New York’s normal federal match rate for Medicaid spending is 50 percent. So if New York lawmakers are to keep in place after 2014 the physician payment increase imposed by section 1202, they are going to have to get their own — already overtaxed — state taxpayers to cough up half the extra cost.
Of course, New York could try to get the Federal government to keep bailing it out, but how likely is it that U.S. Senators from states that got little or nothing in extra payments under section 1202 will vote to approve the “Empire State Bailout” of 2014?
Six states already pay their primary care physicians Medicaid rates that are equal to — or in the case of Alaska, Wyoming, Idaho and North Dakota — greater than Medicare rates. Another nine states pay Medicaid rates that are between 90 and 98 percent of Medicare rates, and a further 10 states pay Medicaid rates that are between 80 and 89 percent of Medicare rates. So, collectively exactly half of the states — including some of the poorest ones such as Mississippi, Louisiana and New Mexico — will get little or no benefit from section 1202. Why would their Senators be willing to keep bailing out New York at the expense of their own constituents?
The same holds true for some other states that will also be tripped up by section 1202, most notably, California. According to the same data, 29 percent of California’s population (over 10.5 million individuals) are in Medicaid, California’s Medicaid program pays its primary care doctors 47 percent of Medicare rates, and the state has a normal federal match rate for Medicaid spending of 50 percent. So, California primary care physicians will see their Medicaid payment rates more than double for two years, but then what happens?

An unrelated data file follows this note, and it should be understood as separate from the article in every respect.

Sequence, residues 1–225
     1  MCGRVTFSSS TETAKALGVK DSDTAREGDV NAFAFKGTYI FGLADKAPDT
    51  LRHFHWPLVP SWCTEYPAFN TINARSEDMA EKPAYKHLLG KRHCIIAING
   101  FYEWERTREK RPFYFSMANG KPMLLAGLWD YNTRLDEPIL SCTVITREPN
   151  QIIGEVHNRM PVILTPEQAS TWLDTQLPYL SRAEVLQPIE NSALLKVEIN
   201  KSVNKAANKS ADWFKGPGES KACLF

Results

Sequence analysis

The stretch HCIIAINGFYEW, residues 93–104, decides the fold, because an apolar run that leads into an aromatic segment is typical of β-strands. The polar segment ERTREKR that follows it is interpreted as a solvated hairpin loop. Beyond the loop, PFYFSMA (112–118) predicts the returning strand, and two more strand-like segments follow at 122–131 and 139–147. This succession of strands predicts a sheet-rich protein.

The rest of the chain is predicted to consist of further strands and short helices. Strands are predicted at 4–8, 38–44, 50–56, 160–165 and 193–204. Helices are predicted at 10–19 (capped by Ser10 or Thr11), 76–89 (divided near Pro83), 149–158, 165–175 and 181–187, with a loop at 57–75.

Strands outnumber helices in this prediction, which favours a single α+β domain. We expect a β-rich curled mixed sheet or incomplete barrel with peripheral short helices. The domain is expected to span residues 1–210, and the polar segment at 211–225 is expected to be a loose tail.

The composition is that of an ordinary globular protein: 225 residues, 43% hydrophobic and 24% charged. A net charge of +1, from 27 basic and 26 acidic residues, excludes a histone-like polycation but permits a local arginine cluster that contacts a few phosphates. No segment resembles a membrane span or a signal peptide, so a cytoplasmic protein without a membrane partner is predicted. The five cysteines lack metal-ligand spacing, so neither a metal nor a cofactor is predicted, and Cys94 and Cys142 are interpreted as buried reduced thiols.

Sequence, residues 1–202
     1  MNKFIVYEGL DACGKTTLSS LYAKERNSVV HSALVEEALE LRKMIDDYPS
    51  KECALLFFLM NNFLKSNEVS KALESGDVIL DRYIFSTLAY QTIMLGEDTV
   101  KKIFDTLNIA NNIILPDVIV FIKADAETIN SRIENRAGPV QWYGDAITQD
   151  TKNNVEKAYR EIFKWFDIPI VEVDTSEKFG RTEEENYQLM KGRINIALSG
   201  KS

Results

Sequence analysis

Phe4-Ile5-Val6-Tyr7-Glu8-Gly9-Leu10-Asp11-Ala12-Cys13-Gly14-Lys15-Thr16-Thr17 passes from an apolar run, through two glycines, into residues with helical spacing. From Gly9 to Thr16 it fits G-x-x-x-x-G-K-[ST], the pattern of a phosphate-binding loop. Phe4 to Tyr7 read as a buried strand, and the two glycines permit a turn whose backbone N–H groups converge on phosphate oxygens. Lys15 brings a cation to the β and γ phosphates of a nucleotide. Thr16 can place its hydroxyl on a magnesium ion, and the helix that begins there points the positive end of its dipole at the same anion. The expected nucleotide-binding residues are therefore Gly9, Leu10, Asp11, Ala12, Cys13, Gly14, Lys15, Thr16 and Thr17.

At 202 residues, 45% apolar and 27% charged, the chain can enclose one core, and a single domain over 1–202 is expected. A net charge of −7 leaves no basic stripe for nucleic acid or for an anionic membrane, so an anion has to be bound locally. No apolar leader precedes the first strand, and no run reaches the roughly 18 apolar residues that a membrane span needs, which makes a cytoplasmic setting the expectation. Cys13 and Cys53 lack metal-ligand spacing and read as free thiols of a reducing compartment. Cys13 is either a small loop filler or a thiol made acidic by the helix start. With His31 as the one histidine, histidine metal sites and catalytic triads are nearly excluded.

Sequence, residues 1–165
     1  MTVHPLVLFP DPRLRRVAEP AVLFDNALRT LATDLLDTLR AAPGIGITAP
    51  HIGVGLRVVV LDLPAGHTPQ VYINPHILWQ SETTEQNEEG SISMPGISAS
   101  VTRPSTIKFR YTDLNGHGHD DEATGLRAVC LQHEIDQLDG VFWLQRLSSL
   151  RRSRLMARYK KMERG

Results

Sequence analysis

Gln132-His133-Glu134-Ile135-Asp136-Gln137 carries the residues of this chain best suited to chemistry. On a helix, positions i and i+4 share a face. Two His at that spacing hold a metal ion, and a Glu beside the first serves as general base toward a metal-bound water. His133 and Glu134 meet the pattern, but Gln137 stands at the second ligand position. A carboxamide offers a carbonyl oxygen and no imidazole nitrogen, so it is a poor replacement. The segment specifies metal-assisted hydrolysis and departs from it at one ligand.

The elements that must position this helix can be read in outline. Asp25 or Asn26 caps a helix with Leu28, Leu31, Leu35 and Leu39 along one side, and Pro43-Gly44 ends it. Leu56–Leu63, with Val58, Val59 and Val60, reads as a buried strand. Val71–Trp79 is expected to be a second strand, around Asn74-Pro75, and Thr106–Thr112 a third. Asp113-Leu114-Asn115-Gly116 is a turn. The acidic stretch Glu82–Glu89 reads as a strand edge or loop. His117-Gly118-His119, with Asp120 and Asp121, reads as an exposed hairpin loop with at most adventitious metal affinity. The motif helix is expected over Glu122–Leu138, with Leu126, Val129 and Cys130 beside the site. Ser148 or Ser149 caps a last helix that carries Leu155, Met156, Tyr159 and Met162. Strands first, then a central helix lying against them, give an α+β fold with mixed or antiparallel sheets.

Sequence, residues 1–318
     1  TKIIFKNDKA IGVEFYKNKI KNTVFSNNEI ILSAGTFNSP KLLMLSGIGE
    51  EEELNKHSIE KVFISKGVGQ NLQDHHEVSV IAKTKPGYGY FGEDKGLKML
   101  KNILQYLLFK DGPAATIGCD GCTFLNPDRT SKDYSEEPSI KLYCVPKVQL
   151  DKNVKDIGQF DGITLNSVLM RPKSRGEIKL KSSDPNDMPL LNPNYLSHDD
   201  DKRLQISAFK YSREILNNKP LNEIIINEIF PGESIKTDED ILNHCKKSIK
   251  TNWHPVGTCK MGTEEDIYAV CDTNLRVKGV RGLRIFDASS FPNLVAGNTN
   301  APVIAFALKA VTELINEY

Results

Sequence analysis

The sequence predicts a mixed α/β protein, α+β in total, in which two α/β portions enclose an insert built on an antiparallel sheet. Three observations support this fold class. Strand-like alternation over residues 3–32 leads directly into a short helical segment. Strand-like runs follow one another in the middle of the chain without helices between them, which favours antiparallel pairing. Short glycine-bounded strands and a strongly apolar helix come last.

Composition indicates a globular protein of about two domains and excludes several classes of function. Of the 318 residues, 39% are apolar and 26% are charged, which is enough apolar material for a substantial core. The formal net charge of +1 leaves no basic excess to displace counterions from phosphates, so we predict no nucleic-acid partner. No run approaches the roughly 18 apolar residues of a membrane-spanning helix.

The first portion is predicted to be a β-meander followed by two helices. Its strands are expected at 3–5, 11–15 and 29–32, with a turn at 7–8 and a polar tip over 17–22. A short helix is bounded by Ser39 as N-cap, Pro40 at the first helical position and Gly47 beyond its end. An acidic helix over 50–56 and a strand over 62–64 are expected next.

Other states that will face the same problem, though to varying and generally somewhat lesser degrees than New York and California, are New Jersey, Rhode Island, Florida, Minnesota, Michigan, and Illinois. All of those states pay their primary care physicians Medicaid rates that are less than 60 percent of Medicare rates and all have federal Medicaid matching rates of between 50 and 58 percent.
If Speaker Pelosi gets her way reporters covering those states’ governments, particularly ones in Albany and Sacramento, should pencil in on their 2014 calendars a note to “cover state doc-fix battle.”